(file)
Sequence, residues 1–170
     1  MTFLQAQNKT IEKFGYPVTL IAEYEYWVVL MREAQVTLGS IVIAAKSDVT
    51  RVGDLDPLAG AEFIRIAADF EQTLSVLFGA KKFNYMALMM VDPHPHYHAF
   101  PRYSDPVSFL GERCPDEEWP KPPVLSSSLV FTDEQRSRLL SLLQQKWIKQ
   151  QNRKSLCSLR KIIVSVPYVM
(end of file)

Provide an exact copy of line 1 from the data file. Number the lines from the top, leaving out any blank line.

Sequence, residues 1–170